As a member of the BNP Galarian League, it has been my charge to venture forth with the content in the season pass and see what the other regions of Galar have to offer. Earlier this year, we did a hop skip to the Isle of Armor and a couple hours later, I had managed to raise a young martial artist bear, defeated the head of the dojo, and spent a nice weekend with my Pokémon team before being satiated and not turning the game for several months.
It’s not like I don’t love Pokémon. But as someone who doesn’t have a compulsion to complete the Pokédex, most of my endeavors revolve around the main story lines, refining my team so it matches my aesthetic, and then sorta enjoying the game for a little bit longer before tapering out. The season pass looked like it was going to give me that incentive to hop back and get a couple more hours of enjoyment out of it. The Isle of Armor almost certainly met that expectation pretty much to the letter, and I came into the Crown Tundra with those exact expectations. And a little after a week, I’m leaving the Crown Tundra with them (although, I do see myself venturing back for some short intermittent spurts).
Much like with the Isle of Armor, when I logged in after the update, I got a nice little notification that I had a Crown Pass and could make my way south. There I was greeted by Peony and his daughter Peonia, and got convinced to distract the father so the daughter could sneak away to the Max Lair. I then helped said father find daughter by going to the Max Lair where I got to experience my first Dynamax Adventure, a sequential series of Max Raid battles that culminate in going head to with a legendary Pokémon.
Now, raid battles weren’t my favorite part of Sword & Shield given that the connectivity made it unreliable to raid with strangers, was slow to raid with friends, and had some atrocious AI, but the raid battles in the Max Lair had a couple things going for it. Firstly, you’re given a stock selection of Pokémon to draft from with a range of typing and moving, so it’s very easy to get coverage. Secondly, you can swap Pokémon you encounter, so you can plan out routes so you end up with an advantageous typing head into the main event. And finally, the capture rate is either guaranteed or incredibly high, to the point where if you clear the lair, you’ll have something to show for your troubles.
To Be a God in a World of Legendary Pokémon
Afterwards, the main “story” featured three different investigations where I went about the Crown Tundra Wild Area to meet some over world Legendary Pokémon. There are some light puzzles and some headscratcher steps, although nothing too ridiculous to parse out. Although, if you are familiar with the franchise, you know that Legendary Capture rates are abysmal and I did spent over 50 ultra balls at one of the birds with red health and missed status effects that made me want to throw my Switch into the sea.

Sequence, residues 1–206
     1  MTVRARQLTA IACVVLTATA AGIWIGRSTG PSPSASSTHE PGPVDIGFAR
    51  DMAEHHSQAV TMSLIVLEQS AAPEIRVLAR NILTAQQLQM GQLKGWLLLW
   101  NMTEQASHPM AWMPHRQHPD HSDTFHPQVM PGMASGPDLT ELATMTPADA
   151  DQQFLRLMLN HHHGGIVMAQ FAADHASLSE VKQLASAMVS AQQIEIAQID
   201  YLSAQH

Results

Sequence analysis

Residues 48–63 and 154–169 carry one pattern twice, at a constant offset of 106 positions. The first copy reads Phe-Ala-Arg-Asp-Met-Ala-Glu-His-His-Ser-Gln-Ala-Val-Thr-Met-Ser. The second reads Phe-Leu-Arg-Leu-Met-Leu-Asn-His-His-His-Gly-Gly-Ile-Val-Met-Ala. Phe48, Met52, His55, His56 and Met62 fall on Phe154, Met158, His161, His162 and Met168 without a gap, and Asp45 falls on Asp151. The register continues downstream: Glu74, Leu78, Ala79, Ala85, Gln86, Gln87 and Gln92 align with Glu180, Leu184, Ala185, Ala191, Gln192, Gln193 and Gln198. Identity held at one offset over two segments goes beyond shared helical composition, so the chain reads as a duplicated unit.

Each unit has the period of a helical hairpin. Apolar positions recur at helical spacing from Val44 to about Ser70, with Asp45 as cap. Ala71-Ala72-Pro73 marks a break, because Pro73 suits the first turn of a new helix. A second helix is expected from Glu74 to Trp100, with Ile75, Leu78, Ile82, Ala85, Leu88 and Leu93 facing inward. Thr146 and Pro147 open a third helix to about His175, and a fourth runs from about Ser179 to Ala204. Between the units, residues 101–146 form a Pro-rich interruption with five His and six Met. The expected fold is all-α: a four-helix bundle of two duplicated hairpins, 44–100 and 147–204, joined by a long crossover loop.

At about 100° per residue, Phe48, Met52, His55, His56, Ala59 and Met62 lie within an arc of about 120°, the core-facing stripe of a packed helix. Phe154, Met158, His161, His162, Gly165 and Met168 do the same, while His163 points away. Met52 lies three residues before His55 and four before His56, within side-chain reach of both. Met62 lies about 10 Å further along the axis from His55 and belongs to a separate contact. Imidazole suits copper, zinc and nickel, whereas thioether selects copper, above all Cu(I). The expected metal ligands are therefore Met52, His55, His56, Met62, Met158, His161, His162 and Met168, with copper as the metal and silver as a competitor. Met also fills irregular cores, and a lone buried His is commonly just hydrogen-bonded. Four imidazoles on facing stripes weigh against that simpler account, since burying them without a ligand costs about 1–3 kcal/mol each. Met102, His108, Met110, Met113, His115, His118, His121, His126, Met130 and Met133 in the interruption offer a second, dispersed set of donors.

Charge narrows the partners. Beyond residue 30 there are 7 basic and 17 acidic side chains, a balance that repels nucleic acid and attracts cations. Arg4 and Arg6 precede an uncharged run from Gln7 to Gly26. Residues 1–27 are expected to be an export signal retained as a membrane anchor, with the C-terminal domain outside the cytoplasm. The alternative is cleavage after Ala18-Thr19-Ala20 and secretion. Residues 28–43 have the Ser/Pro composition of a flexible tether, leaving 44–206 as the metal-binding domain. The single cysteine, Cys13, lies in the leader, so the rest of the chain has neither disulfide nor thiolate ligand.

That said, the main narrative of the Crown Tundra focuses on newcomer Calyrex, and the story regarding the King of the Harvest is a nice little meditation on myth and legend, which is thematically appropriately if nothing else. The intertwining of legendary pokémon and what it means to actual physical gods just existing within the world is intriguing, even if it’s very surface level. Although, I didn’t have the same compulsion to explore the Wild Area this time around.
Once those investigations were complete, the last feature new to the Crown Tundra was the Galarian All-Star tournament, where I got to team up with Marnie and do a quick double battle tournament against gym leaders and old rivals. It was fun/fine, but I mostly just wanted to get back to the Max Raids to see what legendary Pokemon I could find.
Bringing Back the Full Roster
And truly the selling point of the DLC is the fact that every single Legendary Pokémon is back in the game (as well as some other favorites. Looking at you Blaziken/Keith’s Hot Wings). As I entered into the Max Lair, I’d make predictions about what would be at the end of the tunnels, only too discover that there was just a long list of Pokémon I never met before. I’d see a Pyschic type and “Mewtwo?” only to find myself head to head against a Cresselia. Another run later, I’d see Grass and rack my head to produce Celebi, only to run into the Ultra-Beast Kartana. I knew I had skipped several generations in the intervening between the original Ruby/Sapphire and X/Y, but I was truly surprised by the sheer number of mons I just didn’t have memories of or, in the case of Zygarde, what they were truly capable of.
The Max Lair feels like a fun little puzzle and I look forward to running a few with friends and seeing what other legends I can get on my team. But if I’m being honest, I also don’t see myself going back for an extended period, but that’s also because there are just other games that more match my personal preferences.
Considering that you can only get Crown Tundra in a bundle (whether it’s the season pass for your game, or the rereleased full package), the cost to hours of entertainment is completely fair and I enjoy the tantalizing treat to come back, even if it’s just for a few hours. The more you love the franchise, the more this DLC will probably speak to you. It’s simply more content and honestly, that’s enough.